Posted: December 12, 2014

There is a rapidly expanding but not always consistent literature on the role of Vitamin D in health and disease.  Clearly Vitamin D deficiency can cause Rickets in children and Osteomalacia in adults.  The extraskeletal effects of Vitamin D are not as well understood, but there is an emerging body of experimental and clinical data that adequate Vitamin D stores in the body can help prevent cancer, and help people with cancer get better.  Many different types of cells in the body have  enzymes that convert Vitamin D precursors to the active agent, 1.25 di-hydroxy Vitamin D.   Against this background the United States Preventive Services Task Force has recently recommended against screening for Vitamin D deficiency in healthy adults, this despite the fact that a huge percentage of adults have low D levels and with the widespread use of sunscreens this percentage is likely to increase. The article justifying their position can be read online in the recent Annals of Internal Medicine.  Dr. Stark can send the full article; email him on the form on this page to request it.  It will be available for a short period to the general public as well.    An accompanying editorial is a scathing rebuke of these guidelines.  Dr. Stark comments, ” There is an emerging body of literature on the beneficial effects of Vitamin D.   Because these studies are not absolutely definitive, the USPSTF has elected to go against current conventional wisdom — to measure Vitamin D levels in adults.  I view this as regressive borderline on disastrous.  It will give cover to insurance companies to deny reimbursement for commonly performed blood tests that measure D levels.   This is the latest in a series of missteps brought to you by the USPSTF.”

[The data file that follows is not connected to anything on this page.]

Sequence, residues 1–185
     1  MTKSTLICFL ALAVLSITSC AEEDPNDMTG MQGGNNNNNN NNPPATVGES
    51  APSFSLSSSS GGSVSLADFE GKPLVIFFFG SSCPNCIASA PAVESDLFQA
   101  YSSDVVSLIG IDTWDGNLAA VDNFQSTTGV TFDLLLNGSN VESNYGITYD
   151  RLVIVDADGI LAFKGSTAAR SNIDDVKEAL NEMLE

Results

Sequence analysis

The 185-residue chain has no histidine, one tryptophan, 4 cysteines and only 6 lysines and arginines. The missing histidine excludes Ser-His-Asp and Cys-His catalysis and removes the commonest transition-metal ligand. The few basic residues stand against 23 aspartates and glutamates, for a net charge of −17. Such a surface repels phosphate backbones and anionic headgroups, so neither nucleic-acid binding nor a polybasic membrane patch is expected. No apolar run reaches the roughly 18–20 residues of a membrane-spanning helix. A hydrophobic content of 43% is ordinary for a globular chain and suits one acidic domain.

Update 2020: despite the above considerations, in 2018 the USPSTF again refused to endorse monitoring vitamin D status saying the data were insufficient to support this approach.  Dr. Stark’s comments are unchanged.